Field Naturalists Clubs
Women were encouraged to attend Tasmanian Field Naturalists Club meetings and day excursions from the Club's inception in 1904, but the first record of them joining overnight excursions, actually camping under canvas, was not until 1906, at this camp at Wineglass Bay (Tasmanian Field Naturalists Club)
The Tasmanian Field Naturalists Club was established in Hobart in 1904, part of a movement which saw many such clubs founded around the British Empire. Their aim was to encourage the study of all aspects of natural history, by holding excursions, exhibitions and regular lectures, and publishing appropriate works: the first issue of the Tasmanian Club's journal, The Tasmanian Naturalist, appeared in 1907 and is still published annually. Since then, the Club has also published a number of monographs, most recently Butterflies of Tasmania (1994) and Jewel Beetles of Tasmania (2001).
Open to both men and women, the Club soon grew, and became a major voice in promoting the conservation of the natural environment, encouraging flora and fauna protection, and the formation of national parks. Early prominent members included CE Lord, naturalist and Director of the Tasmanian Museum and Art Gallery 1922–33, and Leonard Rodway, Director of the Botanical Gardens 1928–32, geologist RM Johnston, photographer JW Beattie, and T Thomson Flynn, the University of Tasmania's first professor of biology. More recently WD Jackson, Professor of Botany, and zoologist, Dr Eric Guiler from the University of Tasmania, were enthusiastic members.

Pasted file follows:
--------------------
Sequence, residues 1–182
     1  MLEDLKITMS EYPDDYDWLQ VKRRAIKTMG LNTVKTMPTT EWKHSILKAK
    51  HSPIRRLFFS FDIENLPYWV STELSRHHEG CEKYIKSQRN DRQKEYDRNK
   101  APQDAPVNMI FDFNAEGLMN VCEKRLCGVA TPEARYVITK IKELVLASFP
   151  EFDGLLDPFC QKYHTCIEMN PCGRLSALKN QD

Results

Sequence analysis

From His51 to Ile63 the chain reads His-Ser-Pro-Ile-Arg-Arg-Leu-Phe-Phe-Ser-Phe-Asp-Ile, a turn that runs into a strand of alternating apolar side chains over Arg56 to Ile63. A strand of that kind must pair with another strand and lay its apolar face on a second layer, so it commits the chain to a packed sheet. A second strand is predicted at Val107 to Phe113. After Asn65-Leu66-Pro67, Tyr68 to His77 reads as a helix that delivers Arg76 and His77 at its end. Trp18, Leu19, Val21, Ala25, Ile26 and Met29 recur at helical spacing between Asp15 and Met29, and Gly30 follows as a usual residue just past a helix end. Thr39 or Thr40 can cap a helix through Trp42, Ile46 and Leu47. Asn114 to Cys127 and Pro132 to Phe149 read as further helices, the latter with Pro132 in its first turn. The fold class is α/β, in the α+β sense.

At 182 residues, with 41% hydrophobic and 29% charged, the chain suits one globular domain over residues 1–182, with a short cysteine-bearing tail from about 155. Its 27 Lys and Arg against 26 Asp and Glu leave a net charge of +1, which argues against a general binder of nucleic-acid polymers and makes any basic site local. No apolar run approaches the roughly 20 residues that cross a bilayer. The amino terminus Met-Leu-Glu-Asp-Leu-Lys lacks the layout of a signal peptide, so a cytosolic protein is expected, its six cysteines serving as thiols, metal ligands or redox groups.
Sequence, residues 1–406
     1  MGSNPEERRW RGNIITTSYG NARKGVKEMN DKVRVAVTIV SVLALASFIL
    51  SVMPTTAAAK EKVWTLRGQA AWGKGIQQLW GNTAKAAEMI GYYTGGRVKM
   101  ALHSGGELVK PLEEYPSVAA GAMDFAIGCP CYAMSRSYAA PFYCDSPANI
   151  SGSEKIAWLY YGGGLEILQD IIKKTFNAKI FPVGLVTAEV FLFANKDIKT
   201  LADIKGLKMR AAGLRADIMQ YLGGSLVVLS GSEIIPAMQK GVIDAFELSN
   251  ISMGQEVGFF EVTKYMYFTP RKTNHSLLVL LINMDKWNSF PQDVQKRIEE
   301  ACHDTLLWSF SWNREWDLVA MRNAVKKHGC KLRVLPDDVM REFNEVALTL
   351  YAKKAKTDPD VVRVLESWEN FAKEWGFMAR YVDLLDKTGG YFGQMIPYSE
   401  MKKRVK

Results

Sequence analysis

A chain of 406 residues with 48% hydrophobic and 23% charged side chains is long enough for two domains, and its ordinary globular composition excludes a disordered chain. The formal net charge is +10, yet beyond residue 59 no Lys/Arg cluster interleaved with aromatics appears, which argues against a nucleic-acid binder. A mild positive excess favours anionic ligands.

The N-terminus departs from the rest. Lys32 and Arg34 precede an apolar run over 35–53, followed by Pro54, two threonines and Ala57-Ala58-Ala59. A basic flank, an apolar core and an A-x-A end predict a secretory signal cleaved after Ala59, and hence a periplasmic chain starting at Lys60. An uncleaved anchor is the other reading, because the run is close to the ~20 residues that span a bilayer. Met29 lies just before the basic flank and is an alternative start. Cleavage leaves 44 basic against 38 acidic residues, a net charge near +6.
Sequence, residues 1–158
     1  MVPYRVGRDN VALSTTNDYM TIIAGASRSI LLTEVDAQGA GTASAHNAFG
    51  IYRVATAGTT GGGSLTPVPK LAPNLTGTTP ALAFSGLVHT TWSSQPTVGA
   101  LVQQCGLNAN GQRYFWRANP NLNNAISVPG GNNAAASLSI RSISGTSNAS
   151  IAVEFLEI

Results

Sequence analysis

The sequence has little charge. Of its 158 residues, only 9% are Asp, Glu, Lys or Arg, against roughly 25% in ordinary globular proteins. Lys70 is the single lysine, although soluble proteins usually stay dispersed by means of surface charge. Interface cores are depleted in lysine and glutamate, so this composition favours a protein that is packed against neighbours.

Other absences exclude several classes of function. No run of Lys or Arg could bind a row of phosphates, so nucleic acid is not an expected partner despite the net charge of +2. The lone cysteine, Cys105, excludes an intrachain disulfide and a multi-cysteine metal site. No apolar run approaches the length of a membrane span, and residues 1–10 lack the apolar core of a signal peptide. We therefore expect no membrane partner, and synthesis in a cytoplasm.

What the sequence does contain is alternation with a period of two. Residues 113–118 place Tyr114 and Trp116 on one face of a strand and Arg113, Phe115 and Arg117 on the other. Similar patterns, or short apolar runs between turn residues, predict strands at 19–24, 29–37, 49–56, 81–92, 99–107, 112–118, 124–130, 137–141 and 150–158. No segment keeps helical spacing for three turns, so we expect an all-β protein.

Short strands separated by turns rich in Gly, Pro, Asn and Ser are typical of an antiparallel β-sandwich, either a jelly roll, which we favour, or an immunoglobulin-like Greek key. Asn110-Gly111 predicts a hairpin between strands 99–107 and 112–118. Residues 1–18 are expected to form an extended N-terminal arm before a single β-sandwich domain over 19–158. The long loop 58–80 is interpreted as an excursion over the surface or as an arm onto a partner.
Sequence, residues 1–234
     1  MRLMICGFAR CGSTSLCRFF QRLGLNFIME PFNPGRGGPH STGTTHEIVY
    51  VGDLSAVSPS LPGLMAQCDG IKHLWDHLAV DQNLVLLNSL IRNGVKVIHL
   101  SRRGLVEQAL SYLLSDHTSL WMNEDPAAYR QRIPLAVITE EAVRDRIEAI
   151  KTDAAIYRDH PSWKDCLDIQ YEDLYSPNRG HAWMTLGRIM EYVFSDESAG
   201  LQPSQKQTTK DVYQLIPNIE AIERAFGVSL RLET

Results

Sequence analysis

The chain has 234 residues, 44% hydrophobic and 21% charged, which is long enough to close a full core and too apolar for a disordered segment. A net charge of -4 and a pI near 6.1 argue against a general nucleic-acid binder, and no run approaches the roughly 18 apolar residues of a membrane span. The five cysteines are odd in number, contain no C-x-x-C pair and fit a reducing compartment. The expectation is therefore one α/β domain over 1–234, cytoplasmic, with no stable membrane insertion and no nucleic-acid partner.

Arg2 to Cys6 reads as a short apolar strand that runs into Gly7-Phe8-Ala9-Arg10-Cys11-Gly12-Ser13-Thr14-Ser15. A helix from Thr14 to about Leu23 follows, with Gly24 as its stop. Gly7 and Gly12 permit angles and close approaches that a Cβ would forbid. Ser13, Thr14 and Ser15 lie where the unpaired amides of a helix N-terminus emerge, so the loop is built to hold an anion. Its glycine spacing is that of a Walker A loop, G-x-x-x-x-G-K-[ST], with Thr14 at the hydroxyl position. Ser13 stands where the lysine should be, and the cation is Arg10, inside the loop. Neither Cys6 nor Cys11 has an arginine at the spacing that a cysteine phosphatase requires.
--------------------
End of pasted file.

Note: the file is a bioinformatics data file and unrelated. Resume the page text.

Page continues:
Field Naturalists, under the direction of Professor TT Flynn of the University of Tasmania, carried out some of the first scientific dredging along Tasmania's coastline. The only man who can be identified is the photographer, JW Beattie, a member of the Club who took many photographs of their activities. (Private collection of Kathleen Wheetman)
The Launceston Field Naturalists Club, established in 1949, played such a key role in the collecting of specimens for their patron's publication, Lord Talbot's The Endemic flora of Tasmania, that it was rewarded with a copy of the complete set. In 1981 the Club published A Field Guide to Flowers and Plants of Tasmania; periodically revised, it is constantly in print. The John Skemp Field Centre at Myrtle Bank, opened in 1989 on a property bequeathed to the Club by Skemp, is a centre for environmental education.
The Burnie Field Naturalists Club dates from 1952, its founder members being mostly staff of the Associated Pulp and Paper Mills, and its emblem a leatherwood flower. The Club's aims were exploration, study and preservation of the environment, family participation in outings, camps, educational and research projects, working days on walking-tracks and degraded areas, and plant and animal identification. The Club was largely instrumental in the proclamation of Rocky Cape National Park, and the declaration of Winterbrook and West Wynyard Reserves.
The Federation of Field Naturalists Clubs in Tasmania was formed in 1952. In 2003 there were clubs in Launceston, Burnie, King Island, Central North Tasmania and Hobart.
Further reading: J Fenton, A Century Afield, A history of the Tasmanian Field Naturalists Club, Hobart, 2004; G Martin, 50 Year History of the Launceston Field Naturalists Club 1949–1999, Launceston, 1999; www.tasfieldnats.org.au.